fishing spot for local anglers.
Port Hueneme attracts thousands of visitors every year. The Port Hueneme Beach
Festival (August) and Harbor Days (October) offer various outdoor activities and present visitors
and residents with the opportunity to tour the Port Hueneme Light House, constructed in 1943.
The ninth Annual Ventura County Boat show is held at the Channel Islands Harbor in July.

Current Economy
Port Hueneme’s economy is driven by five primary sectors: oil production, defense,
manufacturing, agriculture, and tourism. According to the 2000 U.S. Census the top three
occupations in Port Hueneme in 2000 for the eligible labor force 16 years of age and over were
“sales and office occupations” (31.2%), “management, professional and related occupations”
(25.6%), and “production, transportation, and material moving occupations” (15.6%). At the
time of the 2000 U.S. Census, 21.6% of the city’s eligible labor force was employed within local,
state, or federal governments. The 2000 U.S. census reports that 3.8% of Port Hueneme’s
population was employed in agriculture, forestry, fishing, and hunting. In 2000 9.3% of the
population over 16 years of age was registered in the armed forces.
Port Hueneme’s harbor plays a significant role in the local community. The Port of
Hueneme, one of the city’s largest employers, generates over $450 million each year.
Additionally 3500 jobs in Ventura County are directly tied to the Port’s activities.6 The Port
serves as an import/export platform for break-bulk, neo-bulk, and dry-bulk cargo. Additionally,
the port is utilized by offshore oil operations in nearby Santa Barbara Channel, local sport and
commercial fishing fleets, and is home to a large dockside refrigeration facility. The Port also
serves as a U.S. Customs Port of Entry and Foreign Trade Zone. The Naval Base Ventura
County (NBVC), which shares its military wharfs with the adjacent deep-water harbor, occupies
more than half of the total land area of the Port. The Port and NBVC account for more than
14,364 jobs in the city, with a combined payroll of $399 million. Direct and induced activity
from the Port and Navy account for more than 28,070 jobs and $1.123 billion in combined
economic impact throughout Ventura County.7
According to the 2000 U.S. Census a total 62.4% of the potential labor force was
employed and there was a 4.9% unemployment rate (calculated by dividing the unemployed
population by the labor force). Of the population of Port Hueneme over 16 years of age 34.3%
was not in the labor force, which is slightly less than the national average of 36.1%. For whom
poverty status was determined, 12.2% of the city’s population was living below the poverty line
in 1999. The median household income in 1999 was $42,246 and the per capita income was
$17,311. In 2000 there were 7908 housing units according to U.S. Census data. The percentage
of occupied housing units that were owner versus renter occupied were 49.1% and 50.9%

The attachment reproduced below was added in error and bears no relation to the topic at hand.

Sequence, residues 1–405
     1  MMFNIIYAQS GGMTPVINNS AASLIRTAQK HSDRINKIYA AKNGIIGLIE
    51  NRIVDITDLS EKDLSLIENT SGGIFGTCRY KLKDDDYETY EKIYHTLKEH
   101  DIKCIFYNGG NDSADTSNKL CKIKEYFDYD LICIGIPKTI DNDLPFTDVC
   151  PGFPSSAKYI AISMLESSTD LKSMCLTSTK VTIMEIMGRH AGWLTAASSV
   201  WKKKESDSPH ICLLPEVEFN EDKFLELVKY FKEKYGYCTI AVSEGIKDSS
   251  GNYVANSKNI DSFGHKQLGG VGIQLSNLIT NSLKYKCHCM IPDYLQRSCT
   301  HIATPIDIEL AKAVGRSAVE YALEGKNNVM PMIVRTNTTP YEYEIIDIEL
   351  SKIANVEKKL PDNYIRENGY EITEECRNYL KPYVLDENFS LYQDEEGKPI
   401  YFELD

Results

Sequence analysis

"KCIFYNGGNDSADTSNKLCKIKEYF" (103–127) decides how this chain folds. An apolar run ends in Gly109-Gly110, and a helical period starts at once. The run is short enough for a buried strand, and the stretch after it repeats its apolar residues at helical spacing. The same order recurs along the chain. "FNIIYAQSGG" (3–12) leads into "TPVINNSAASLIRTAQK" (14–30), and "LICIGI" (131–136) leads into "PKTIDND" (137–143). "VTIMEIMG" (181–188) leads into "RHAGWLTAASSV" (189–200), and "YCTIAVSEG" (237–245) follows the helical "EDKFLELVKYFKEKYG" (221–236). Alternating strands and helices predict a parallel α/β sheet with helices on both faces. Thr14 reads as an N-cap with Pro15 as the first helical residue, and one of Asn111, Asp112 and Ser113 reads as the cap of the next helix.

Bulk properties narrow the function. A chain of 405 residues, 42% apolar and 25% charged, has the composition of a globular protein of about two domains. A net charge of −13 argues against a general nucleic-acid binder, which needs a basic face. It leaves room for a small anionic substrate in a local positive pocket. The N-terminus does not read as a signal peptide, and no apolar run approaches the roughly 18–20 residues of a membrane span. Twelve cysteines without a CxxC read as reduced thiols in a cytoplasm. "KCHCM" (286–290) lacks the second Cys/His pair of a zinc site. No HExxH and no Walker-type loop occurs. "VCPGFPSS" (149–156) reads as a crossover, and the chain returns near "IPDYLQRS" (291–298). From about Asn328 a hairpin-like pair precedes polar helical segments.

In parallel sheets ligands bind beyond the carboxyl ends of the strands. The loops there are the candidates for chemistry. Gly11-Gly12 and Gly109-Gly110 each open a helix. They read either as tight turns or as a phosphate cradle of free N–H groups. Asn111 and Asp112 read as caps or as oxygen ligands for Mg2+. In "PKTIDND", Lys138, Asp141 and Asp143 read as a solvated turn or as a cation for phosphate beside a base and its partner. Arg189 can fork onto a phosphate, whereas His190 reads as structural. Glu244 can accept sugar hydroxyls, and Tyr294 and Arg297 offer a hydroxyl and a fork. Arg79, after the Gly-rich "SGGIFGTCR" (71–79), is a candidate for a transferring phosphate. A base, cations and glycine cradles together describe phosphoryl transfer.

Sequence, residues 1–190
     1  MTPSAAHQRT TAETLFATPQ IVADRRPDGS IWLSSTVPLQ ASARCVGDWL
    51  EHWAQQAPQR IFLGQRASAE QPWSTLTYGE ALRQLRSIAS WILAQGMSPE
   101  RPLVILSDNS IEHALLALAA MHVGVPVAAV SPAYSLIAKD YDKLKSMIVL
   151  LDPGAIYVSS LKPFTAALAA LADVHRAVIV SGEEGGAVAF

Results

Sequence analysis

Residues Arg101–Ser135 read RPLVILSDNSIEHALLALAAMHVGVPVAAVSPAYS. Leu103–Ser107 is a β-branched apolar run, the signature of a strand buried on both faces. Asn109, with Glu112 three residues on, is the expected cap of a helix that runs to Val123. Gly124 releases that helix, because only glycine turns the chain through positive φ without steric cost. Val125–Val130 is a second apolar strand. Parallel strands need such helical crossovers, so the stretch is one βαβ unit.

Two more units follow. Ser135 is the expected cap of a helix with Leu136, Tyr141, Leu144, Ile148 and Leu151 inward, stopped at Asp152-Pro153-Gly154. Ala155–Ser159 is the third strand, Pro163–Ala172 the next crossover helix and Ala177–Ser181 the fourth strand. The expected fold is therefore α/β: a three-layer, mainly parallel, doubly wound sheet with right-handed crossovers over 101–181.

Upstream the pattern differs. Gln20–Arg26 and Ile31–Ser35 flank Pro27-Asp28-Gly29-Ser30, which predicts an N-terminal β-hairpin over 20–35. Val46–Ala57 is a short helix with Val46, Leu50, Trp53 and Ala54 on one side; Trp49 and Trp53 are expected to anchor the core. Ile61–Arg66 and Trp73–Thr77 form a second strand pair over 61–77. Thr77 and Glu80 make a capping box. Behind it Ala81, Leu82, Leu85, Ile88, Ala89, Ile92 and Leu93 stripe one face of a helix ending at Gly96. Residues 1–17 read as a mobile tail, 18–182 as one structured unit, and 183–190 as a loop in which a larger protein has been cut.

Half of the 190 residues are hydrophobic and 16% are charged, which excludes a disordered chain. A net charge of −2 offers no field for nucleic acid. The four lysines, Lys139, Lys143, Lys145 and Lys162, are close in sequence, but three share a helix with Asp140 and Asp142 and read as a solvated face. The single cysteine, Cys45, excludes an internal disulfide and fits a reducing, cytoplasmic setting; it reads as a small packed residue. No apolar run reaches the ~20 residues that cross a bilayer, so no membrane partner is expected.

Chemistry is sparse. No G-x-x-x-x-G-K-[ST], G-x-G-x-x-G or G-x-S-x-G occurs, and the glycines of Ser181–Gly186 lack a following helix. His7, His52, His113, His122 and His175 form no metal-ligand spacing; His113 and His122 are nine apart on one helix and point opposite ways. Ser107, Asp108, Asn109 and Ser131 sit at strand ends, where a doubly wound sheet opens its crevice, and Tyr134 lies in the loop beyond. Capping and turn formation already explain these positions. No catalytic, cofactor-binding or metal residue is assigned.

respectively. The percent of vacant housing units was 8.1%, of which 36.6% were vacant due to
seasonal, recreational, or occasional use.

Incorporated in 1948, Port Hueneme is one of 10 incorporated cities located in Ventura
County, originally named San Buenaventura County by early Spanish settlers, meaning “good
fortune.”8 The city has a Council-Manager form of government with the Mayor and Council
members elected for four-year terms. Port Hueneme levies a 7.25% sale and use tax on regular
purchases and an 8% transient lodging tax.9,10 The property tax rate range for Ventura County is
By California state law commercial vessels, charter boats, and oceanographic research
vessels are assessed at 4% of their full cash value.12 Vessels registered in California with either
the Department of Motor Vehicles or the U.S. Coast Guard (USCG) are assessed property taxes
by the county tax collector where it is moored.13 Some commercial vessels are also subject to a
Ballast Water Management Fee of about $500 per voyage.14 California levies a fuel tax of $0.18
per gallon, a portion of which goes toward marine safety and education programs and boating
facility administration and development.15
The State of California levies landing taxes that must be paid by fishermen and fish
processors involved in the retail sale of fish products. These taxes vary by species and range
between $.0013 and $.0125 per pound of fish.16 The California Department of Agriculture also
administers two commodity commissions, the California Salmon Council and the California Sea
Urchin Commission, which charge fees for marketing and lobbying on behalf of fishermen
involved in these specific fisheries.17
There is a National Marine Fisheries Service Regional Office located approximately 85
miles south in Long Beach and a California Department of Fish and Game office located about
190 miles south in Port Hueneme. The nearest U.S. Citizenship and Immigration Services is 60
miles south in Los Angeles. Port Hueneme falls under the jurisdiction of the United States Coast